Framing Lives: Longitudinal Research on Life Planning and Pathways in Singapore

  • David Hogan
  • Trivina Kang
  • Melvin Chan
Part of the Springer International Handbooks of Education book series (SIHE, volume 19)

As children become adolescents and adolescents become adults, they learn – and they have to learn – new roles, competencies, and identities. While contemporary researchers recognize the importance of biological maturation in this process, the transition of modern adolescents into adulthood is understood to be just as much, if not more, a social as a biological process (Hutson & Jenkins, 1989; Klein, 1990; Wallace & Kovatcheva, 1998). The conventional picture of modern life transitions and pathways drawn by historians and sociologists is that life pathways have become increasingly standardized, compressed, rationalized, institutionalized, and regulated by the state over the course of the nineteenth and twentieth centuries (Elder, 1997; Kett, 1977; Kohli, 1986; Kohli & Meyer, 1986; Mayer, 2005; Modell, Furstenberg, & Herschberg, 1976; Modell & Goodman, 1990; Uhlenberg, 1969). Kohli (1986), for example, argues that the organization of public services, transfer payments and employment opportunities by age rendered the life course more orderly and calculable. Similarly, Buchmann (1989) suggests that the rationalization of the economy and the polity – for example, through enhancing the number of rights that individuals had access to on a universal basis, above all to education – over the course of the nineteenth and twentieth centuries promoted the standardization and institutionalization of the life course.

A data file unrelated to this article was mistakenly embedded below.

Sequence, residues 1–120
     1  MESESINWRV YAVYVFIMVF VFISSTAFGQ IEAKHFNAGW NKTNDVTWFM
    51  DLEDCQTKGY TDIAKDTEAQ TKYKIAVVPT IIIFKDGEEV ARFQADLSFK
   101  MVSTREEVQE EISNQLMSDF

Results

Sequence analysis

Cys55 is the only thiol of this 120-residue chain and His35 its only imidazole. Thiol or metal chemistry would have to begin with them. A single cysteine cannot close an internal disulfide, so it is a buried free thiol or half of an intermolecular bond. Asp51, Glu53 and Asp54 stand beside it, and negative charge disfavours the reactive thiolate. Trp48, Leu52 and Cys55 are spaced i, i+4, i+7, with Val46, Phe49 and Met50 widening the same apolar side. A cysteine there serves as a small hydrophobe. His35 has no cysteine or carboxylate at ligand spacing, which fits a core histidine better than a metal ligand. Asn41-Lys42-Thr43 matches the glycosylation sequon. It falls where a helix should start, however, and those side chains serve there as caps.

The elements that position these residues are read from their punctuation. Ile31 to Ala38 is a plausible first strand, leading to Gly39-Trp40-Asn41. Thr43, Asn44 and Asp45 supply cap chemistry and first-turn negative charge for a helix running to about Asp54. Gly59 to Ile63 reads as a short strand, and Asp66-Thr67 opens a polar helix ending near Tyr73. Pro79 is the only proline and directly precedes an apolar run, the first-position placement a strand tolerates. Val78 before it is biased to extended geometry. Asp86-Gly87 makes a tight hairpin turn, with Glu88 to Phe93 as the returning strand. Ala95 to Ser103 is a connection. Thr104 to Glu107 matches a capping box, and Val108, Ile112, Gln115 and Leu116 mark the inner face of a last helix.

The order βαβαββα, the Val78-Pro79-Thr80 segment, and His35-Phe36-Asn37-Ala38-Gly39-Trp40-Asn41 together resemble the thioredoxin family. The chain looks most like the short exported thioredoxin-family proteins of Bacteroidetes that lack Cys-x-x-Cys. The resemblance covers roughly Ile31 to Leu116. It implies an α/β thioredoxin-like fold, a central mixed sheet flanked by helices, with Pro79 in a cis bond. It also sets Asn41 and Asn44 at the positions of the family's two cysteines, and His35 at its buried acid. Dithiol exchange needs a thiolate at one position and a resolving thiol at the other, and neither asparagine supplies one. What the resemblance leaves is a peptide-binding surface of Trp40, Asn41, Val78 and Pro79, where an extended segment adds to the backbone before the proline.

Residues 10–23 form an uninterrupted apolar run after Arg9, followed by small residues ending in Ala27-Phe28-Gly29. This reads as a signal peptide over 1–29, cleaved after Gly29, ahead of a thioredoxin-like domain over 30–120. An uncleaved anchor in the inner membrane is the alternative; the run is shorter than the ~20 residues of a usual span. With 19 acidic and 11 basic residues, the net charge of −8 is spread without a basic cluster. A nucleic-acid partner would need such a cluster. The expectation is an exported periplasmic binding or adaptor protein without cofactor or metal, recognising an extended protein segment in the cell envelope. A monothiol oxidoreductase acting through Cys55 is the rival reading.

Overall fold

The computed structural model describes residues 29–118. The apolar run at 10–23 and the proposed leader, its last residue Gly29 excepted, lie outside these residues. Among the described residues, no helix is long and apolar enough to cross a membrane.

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Copyright information

© Springer 2007

Authors and Affiliations

  • David Hogan
    • 1
  • Trivina Kang
    • 1
  • Melvin Chan
    • 1
  1. 1.Nanyang Technological UniversitySingapore

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